(Standard synagogue by-laws)
A mentor of mine once told me that a Rabbi’s authority must extend beyond Halachic guidance, to Policy guidance. This seems most logical to me – many communal, synagogue and personal issues are not directly halachic, but would benefit from rabbinic insight.
Communal - Allocation of community tzedakah funds.
Synagogue – Planning of Yom haShoah commemorations.
Personal - Co-ed slumber parties for teens.
There are two problems, though:
1. The Rabbi's influence, if brought to bear too often or without being invited, ceases to be influence at all. It becomes a nuisance, and is eventually ignored entirely.
2. On many of these Policy issues, people are personally invested. Therefore, every rabbinic stance is likely to offend someone. Multiply the issues, multiply the offenses.
So how is a rabbi to influence community, synagogue and individuals, without over-using his influence and without making enemies?
One answer: The Rabbinic Extender.
I've heard that a doctor’s support staff is called a “physician extender.” You know – the technicians who take your blood, the nurses who interview you when you come into the office, the physician’s assistant, etc.
The rabbi needs a “rabbinic extender” – someone who will do the job for him, to save his influence for the case in which it is truly needed.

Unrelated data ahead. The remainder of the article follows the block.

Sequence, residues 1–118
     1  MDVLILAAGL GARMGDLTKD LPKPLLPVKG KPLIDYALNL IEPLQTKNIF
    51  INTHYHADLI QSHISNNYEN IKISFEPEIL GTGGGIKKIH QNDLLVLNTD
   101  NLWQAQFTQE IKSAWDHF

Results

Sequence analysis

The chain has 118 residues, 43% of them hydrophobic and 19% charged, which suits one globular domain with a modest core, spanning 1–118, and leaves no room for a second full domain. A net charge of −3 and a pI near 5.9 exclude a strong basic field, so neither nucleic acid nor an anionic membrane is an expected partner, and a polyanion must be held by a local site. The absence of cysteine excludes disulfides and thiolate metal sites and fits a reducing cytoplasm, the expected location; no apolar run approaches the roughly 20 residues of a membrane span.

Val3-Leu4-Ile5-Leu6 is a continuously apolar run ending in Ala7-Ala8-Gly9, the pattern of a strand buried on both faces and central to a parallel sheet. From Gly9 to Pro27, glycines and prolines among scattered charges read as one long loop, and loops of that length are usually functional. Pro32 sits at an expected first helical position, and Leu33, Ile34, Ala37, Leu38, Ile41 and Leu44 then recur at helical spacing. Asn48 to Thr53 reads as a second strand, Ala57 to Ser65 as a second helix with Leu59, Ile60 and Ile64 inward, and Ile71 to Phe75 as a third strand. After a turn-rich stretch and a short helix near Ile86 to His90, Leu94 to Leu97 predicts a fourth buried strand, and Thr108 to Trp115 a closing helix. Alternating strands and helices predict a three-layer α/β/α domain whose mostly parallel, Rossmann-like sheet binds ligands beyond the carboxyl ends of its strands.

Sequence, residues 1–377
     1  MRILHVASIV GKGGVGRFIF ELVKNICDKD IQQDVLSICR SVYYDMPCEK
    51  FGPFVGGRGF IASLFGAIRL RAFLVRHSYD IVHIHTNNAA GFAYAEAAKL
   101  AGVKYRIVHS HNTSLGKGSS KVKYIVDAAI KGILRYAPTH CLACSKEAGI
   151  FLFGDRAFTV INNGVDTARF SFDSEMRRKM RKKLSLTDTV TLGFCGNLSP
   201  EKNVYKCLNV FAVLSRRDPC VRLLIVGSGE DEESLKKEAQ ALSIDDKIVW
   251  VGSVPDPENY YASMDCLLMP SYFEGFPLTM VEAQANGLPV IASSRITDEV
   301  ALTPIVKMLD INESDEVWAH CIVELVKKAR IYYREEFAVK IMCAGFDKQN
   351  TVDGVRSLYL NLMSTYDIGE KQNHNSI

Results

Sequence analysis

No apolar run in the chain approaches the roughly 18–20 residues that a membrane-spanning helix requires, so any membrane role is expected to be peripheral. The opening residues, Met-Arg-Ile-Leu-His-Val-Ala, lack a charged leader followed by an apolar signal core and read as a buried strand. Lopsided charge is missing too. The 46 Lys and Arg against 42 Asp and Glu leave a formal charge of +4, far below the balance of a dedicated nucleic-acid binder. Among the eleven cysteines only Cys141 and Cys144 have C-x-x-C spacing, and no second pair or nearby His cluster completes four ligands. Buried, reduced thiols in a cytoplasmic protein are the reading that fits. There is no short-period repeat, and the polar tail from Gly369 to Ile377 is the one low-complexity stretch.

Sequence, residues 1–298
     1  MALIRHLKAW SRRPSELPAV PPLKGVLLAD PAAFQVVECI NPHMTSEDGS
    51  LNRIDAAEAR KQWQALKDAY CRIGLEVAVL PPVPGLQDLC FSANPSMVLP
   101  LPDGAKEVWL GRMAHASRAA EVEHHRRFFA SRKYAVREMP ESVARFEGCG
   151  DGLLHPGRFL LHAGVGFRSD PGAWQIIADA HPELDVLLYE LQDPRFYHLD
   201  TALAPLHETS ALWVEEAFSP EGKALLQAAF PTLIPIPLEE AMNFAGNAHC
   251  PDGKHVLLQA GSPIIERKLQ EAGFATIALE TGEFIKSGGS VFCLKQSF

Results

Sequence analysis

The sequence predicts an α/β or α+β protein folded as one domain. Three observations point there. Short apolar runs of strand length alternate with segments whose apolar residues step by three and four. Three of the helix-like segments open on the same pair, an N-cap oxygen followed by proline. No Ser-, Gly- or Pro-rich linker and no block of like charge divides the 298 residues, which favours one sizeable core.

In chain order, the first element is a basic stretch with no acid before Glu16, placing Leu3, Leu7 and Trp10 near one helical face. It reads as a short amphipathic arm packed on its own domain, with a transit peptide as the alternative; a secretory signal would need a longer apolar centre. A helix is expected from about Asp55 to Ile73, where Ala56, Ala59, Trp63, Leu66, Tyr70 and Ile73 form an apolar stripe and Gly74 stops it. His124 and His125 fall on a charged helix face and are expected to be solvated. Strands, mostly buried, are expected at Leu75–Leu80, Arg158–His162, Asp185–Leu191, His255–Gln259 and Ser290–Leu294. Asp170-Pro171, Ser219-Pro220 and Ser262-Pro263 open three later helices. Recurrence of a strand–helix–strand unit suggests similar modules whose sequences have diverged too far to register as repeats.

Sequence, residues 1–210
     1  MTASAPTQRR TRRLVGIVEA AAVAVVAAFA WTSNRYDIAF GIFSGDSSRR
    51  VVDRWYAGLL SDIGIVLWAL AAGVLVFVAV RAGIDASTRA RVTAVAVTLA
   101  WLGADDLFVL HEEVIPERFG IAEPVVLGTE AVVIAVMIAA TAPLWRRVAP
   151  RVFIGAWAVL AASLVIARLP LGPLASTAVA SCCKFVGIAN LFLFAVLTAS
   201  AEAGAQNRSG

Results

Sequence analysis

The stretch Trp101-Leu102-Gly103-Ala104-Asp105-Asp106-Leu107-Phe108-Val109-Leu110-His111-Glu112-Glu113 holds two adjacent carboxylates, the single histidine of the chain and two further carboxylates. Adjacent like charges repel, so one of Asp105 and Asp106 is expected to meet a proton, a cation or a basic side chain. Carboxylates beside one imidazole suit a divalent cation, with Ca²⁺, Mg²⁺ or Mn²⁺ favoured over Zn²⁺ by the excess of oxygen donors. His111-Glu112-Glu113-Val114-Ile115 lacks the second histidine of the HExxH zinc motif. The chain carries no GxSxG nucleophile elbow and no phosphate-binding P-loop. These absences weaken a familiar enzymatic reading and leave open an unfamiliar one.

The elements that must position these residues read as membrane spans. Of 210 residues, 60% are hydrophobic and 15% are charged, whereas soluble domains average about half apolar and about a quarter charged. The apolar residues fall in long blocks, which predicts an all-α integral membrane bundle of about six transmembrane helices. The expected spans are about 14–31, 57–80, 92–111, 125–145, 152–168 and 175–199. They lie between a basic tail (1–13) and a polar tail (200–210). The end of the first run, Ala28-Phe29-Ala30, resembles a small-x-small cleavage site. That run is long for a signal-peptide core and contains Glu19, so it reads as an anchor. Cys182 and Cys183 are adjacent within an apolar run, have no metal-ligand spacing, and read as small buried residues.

For communal influence, the Rabbinic Extender may be in the person of insitutional board members he trusts.
For personal influence, there really may be no Rabbinic Extender.
For shul influence, enter the Ritual Committee – Rabbinic Extender extraordinaire.
When I first heard of a Ritual Committee, I thought the person was joking.
First, the term ritual is one I hate to use for davening; it connotes an academic coldness inappropriate for davening.
Second, why should anyone other than the rabbi decide what happens during davening?!
But over the years I have come to know better. As far as the first problem, get over it; people use the term “Ritual” and they like it. As far as the second problem, the good Ritual Committee is guided by the rabbi, but makes its own decisions, under its own name. And so, gone is the problem of the rabbi over-using his authority. And, gone is the problem of offending people with decisions; congregants who protest will be reminded that the congregants, themselves, made this decision, via a Board-appointed committee.
The Ritual Committee can decide whether to create a special minyan for a Sunday morning Bar Mitzvah.
The Ritual Committee can decide to encourage chazanim to sing more, or less, or to try new tunes or stick to the traditional ones.
The Ritual Committee can decide who holds the Sifrei Torah at Kol Nidrei.
Unless the issue is clearly and directly halachic, the rabbi can afford the ‘slight’ of having educated laypeople make the decision, in exchange for the benefits he receives.
And one more crucial benefit to having a good Ritual Committee: More people become invested in the davening and its coordination, so that they, and their circle of friends, feel closer to the shul and its operation.
Mind you, despite all of the benefits I generally remained uncomfortable with handing off this authority to a Ritual Committee, and I could do it only because I trusted my Ritual Chairs completely. But that’s the way of many responsibilities in life: If you want to survive with your health and happiness intact, find someone you can trust and then share the responsibility.